Boca Raton, Fla.: Help me! One of my roommates has become convinced that he and I are "meant to be together." He can't wait until we "make love." I like the guy, but I'm just not interested in him romantically. I have told him time and time again that I don't want to date anyone right now, but nothing seems to get through. Is there any way I can keep him as a friend and get this idea of us together romantically out of his head?
Carolyn Hax: You can explain to me why you want to keep him as a friend when he shows chronic disrespect for your wishes. Be clear--"I don't want to date YOU," since "I don't want to date anyone right now" is just an invitation for him to try later--and then be somewhere else. Seriously, move out. This is not a good situation.
Orlando, Fla.: Hi Carolyn, I'm about to be engaged and want to avoid the "bridezilla" disease that seems to sweep through during the wedding season. Can you tell me the symptoms of being a bridezilla so I don't turn into one without knowing it? Thanks!
Carolyn Hax: Any decision you make should either honor your beliefs about marriage or comfort your guests. Beyond that, it's just stress in service of a fairy tale, and no one young enough to expect fairy tales has any business getting married.
I understand!;: Something he really wants = a plasma tv!; God, Carolyn, you'd think you know this by now.
Carolyn Hax: It's the sleep deprivation! It is!
Carolyn Hax: Have you ever looked really closely at all those little lines on your hand?
Arlington, Va.: Handling grief: it is not commonly known that very intense grief (including feeling bad over a breakup, not just death) can only be borne for about 10 minutes. Thus, one way to handle a breakup and still get some work done in the office (or just live) is to Concentrate Very Hard on feeling bad (remember all the great things about him -- whatever it takes) and let yourself feel terrible, cry, anything. After about 10 minutes of this, your body stops feeling so bad, you even feel a kind of catharsis or relief, and for an hour or so you can concentrate on work, or just on not feeling bad.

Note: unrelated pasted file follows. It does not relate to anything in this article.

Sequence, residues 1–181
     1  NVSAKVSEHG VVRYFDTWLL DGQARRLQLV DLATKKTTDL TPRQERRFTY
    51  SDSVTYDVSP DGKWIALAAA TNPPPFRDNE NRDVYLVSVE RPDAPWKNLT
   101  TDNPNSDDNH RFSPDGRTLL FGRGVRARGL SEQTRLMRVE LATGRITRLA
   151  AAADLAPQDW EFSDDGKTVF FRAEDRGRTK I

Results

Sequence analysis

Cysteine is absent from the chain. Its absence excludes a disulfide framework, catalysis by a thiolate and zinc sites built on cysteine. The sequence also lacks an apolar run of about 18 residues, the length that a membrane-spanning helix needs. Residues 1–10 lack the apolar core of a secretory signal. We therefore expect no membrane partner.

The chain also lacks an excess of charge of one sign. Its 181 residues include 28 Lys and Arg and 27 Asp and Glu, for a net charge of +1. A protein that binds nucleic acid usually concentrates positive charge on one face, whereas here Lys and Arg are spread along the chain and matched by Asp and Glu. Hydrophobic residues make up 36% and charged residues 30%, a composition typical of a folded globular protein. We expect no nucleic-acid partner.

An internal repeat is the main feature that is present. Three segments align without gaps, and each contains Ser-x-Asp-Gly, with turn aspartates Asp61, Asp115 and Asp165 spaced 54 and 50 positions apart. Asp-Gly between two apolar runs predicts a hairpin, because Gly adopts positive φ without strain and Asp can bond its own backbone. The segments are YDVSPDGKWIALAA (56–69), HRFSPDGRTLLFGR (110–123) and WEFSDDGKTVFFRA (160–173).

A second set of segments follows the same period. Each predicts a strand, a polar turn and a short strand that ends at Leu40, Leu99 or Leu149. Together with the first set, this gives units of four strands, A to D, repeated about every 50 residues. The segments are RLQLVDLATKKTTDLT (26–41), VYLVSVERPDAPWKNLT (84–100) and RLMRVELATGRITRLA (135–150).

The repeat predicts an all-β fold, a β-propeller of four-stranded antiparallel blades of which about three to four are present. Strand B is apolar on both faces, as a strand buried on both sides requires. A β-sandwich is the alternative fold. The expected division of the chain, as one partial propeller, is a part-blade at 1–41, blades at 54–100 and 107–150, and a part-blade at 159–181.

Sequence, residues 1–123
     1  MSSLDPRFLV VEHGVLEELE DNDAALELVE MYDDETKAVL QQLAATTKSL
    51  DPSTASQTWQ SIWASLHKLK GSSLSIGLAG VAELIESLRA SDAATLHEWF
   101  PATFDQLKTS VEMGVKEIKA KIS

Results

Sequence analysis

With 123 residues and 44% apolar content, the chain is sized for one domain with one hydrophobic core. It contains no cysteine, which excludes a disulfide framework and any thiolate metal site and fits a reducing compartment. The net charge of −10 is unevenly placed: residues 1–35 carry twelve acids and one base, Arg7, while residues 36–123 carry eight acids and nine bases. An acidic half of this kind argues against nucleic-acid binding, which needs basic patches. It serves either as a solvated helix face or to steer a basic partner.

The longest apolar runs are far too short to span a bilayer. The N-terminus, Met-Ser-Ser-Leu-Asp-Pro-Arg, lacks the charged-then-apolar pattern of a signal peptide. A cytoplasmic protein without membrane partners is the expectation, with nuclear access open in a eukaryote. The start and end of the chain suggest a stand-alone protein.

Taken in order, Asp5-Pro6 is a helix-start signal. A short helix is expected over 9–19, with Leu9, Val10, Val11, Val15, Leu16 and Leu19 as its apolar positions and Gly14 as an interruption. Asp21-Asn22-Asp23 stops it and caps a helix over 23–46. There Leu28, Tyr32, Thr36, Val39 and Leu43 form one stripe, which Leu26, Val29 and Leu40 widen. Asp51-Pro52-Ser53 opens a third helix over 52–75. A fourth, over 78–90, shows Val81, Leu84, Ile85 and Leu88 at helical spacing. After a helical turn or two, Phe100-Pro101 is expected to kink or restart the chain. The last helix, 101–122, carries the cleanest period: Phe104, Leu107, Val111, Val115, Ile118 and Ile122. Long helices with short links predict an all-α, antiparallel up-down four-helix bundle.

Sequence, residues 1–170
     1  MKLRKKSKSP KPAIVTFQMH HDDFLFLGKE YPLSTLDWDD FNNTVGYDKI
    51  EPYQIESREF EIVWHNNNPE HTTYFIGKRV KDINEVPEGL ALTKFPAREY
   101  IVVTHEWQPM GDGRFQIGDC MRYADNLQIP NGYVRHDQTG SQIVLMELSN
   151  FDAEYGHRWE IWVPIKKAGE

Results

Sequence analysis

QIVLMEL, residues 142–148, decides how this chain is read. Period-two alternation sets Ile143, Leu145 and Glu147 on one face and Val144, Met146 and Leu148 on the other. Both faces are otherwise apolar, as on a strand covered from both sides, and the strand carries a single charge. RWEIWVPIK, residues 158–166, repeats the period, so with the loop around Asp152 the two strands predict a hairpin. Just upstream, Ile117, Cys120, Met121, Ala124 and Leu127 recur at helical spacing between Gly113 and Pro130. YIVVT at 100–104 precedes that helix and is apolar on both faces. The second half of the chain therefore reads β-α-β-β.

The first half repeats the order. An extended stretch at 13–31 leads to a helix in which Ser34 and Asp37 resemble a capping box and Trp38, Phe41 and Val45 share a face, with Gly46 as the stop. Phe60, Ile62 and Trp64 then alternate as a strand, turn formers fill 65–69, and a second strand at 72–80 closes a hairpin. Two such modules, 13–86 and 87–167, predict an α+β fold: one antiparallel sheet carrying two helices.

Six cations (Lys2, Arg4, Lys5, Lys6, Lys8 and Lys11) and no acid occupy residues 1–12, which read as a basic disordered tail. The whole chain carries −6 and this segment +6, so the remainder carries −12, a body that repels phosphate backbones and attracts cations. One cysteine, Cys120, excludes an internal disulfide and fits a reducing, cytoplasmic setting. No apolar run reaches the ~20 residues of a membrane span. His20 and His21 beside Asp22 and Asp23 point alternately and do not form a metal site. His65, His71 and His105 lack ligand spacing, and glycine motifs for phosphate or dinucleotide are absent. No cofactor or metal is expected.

Carolyn Hax: Very cool if true, thanks.
Washington, D.C.: Hi! So how do you respond to the question, "Why don't you have a boyfriend?", or "Why has it been so long since you've dated someone?" I usually say something sarcastic, but I don't want to seem bitter and angry... I just haven't found anyone yet.
Carolyn Hax: I'm still looking for the better non-bitter non-comeback than, "If you forgive me for not answering, I'll forgive you for asking." Could be tough to use on the fly, though, in which case a blank stare or your reflexive sarcastic remark seem just fine. The latter especially if it's funny.
"I want to date, just not you": So what's a kind way to say this? I think a lot of women hide behind the "don't want to date anyone right now" to avoid being hurtful -- been there, done that, and regretted it the minute I became "available."
Carolyn Hax: "Thank you, but I'm not interested." But I'm not convinced everyone has to dispense with all little white lies just because a few people fail to recognize or choose to ignore when they're being told a little white lie. Yes yes yes lying is never the best way to send a message. But most people get it just fine (and appreciate the delicacy) when they're told, "Oh, garsh, I'm busy Friday," and no "... but maybe some other time?" is forthcoming.